Gen X, Y, Z voters outnumbered Boomers and others in 2018 midterms

New report indicates that younger generations outvoted their elders in 2018.

June 1, 2019, 4:14 AM

Generations X, Y and Z voters cast more ballots than Boomers and older generations in the 2018 midterm elections, according to analysis from the Pew Research Center.

While Baby Boomers have long held political sway due to their large numbers, shifting demographics could position the three younger voting blocs to have a decisive influence in the 2020 election and beyond.

The younger voting groups cast 60.2 million votes – 51% of the total vote – in the 2018 midterm elections. In contrast, Baby Boomers and older generations accounted for 60.1 million votes – with Baby Boomers comprising 36% of the total vote, according to Pew.

All generations, including Baby Boomers, saw an increase in turnout compared to 2014. And while the turnout for Baby Boomers was higher than that of younger generations, the increase in turnout for younger generations was much more striking, according to the researchers.

PHOTO: Younger generations outvoted Boomer and prior generations in 2018.
Pew Research Center

Gen Y, or "Millennial," turnout nearly doubled from 22% to 42%. For the first time in a midterm election, over half of Gen X voted. And nearly a third of Gen Z – those ages 18 to 21 in the analysis– turned out for the first midterm election they were eligible to vote in.

Such a pronounced increase in turnout among younger generations led them to outvote their older counterparts.

In 2016, the Baby Boomer population stood at 74 million, and there were 71 million millennials. But this year, the number of millennials is projected to increase to 73 million, while the Baby Boomer population will go down to 72 million. And, as the Boomer population continues to decline, Gen X is projected to surpass them in 2028.

The growth in millennials is attributed to younger immigrants entering the country, while the number of Boomers is in decline given mortality rates for the demographic which exceed the number of older immigrants arriving to the U.S.

Steven Olikara, founder and president of the Millennial Action Project, a non-profit organization aimed at bipartisan cooperation amongst young political leaders, said he was not surprised by the turnout of millennials in 2018 because they have been activated in unprecedented ways over the past few years.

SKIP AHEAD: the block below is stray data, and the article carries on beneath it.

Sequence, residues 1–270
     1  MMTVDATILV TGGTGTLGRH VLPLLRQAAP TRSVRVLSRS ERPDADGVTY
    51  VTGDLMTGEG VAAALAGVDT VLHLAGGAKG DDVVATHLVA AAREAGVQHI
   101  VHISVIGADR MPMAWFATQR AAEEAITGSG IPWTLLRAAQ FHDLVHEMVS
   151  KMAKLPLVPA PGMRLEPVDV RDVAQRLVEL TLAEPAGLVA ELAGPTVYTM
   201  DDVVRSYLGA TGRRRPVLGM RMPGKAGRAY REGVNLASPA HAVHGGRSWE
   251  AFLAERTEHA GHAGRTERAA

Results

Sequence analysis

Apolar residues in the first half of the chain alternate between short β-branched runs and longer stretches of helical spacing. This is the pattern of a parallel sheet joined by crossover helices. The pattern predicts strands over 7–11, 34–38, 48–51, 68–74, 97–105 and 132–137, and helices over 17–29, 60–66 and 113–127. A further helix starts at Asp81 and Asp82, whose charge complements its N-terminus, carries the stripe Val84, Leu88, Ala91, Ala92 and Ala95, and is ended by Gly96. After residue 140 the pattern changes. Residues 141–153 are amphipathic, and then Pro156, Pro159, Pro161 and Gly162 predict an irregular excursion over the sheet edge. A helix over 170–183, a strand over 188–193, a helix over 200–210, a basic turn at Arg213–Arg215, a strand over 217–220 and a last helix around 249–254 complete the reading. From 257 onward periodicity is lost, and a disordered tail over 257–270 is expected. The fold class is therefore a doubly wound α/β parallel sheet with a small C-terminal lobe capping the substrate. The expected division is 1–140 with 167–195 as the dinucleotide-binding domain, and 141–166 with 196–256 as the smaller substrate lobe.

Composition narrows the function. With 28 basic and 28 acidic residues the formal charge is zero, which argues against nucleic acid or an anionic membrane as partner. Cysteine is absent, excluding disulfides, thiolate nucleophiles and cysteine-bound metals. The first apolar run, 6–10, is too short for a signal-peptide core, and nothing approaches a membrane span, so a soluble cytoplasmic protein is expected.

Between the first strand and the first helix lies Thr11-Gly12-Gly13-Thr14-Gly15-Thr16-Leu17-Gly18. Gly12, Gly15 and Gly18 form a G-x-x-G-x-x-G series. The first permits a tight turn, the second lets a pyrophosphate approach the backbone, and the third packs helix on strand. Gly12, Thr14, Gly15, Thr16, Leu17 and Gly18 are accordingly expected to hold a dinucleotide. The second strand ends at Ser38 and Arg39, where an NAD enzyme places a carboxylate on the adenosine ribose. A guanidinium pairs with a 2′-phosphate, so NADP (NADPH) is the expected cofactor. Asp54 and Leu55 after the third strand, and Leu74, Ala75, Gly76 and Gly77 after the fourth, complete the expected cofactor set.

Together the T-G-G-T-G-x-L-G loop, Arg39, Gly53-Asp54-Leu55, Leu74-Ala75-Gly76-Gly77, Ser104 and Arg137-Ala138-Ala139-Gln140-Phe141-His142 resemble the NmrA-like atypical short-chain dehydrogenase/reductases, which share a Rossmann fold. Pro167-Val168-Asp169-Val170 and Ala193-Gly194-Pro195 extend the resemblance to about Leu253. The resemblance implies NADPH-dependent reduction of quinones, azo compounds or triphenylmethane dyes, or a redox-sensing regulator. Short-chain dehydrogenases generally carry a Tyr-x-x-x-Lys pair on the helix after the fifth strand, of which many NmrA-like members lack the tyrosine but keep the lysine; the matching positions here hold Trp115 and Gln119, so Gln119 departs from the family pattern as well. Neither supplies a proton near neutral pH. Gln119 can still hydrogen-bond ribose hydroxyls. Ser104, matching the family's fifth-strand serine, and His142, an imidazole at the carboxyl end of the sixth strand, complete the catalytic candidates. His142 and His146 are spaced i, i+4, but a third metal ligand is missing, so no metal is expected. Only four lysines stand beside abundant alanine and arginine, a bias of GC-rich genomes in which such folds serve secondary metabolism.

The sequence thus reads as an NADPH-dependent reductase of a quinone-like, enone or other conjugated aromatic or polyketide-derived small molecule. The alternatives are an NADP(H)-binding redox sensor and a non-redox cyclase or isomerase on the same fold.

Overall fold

People cast their votes on the third day of early voting at the Galleria at Sunset in Henderson, Nev., Oct. 22, 2018.
Richard Brian/Las Vegas Review-Journal via AP

"One of the most promising trends I’m seeing is an increase in civic engagement. Now, our generation recognizes it’s important to be involved in politics and to vote if we want to move the needle on issues we care about," he told ABC News.

Olikara identified immigration as a central issue which activated the younger base to get out and vote in 2018.

"I think the response we saw was not so much a reflexively partisan issue, because millennials are the least partisan generation in America, but it was a response to the administration’s policies on immigration and refugees," he said.

"The Trump effect has been huge in inspiring a large number of younger people to get involved for the first time," stated Nathan Rubin, the founder of Millennial Politics, an organization shining a light on progressive candidates and causes.

Rubin added how movement surrounding gun reform led by groups such as March for Our Lives was pivotal in mobilizing young voters.

"The school shooting generation is coming of age," Rubin said. "I don’t think there’s any way to deny the impact that the March for Our Lives group, as well as all other groups that are fighting for common sense constitutional gun reform, have had."

A young woman registers to vote.

With the rise in numbers of these younger generations and more 17-year-olds turning old enough to vote, Joan Mandle, the executive director of Democracy Matters, a non-partisan organization committed to organizing students for democracy reform, highlighted the importance of youth voter registration.

"Getting on college campuses and registering students, and also going to the places where young people congregate who are not necessarily students," Mandle told ABC News as essential to increasing youth engagement.

Elevated political participation levels among younger voters could also shape the issues placed at the forefront of the 2020 election. Olikara cited how young voters have already mobilized around climate change and pushed candidates to articulate their position on it.

"It is largely a millennial-led movement that has declared climate change to be part of the 2020 agenda," he told ABC News.

Other issues he noted as important to young people include the student debt crisis, future of work, and fixing our broken political system.

Olikara also offered some advice to presidential hopefuls looking to garner the support of younger voters.

"The most important thing to be doing right now is to be simply listening," said Olikara. "Listen not only to the priorities that young people have, but also, and even probably more importantly, listen to how young people are framing the issues because that’s how you’re going to overcome the partisanship and dysfunction in Washington."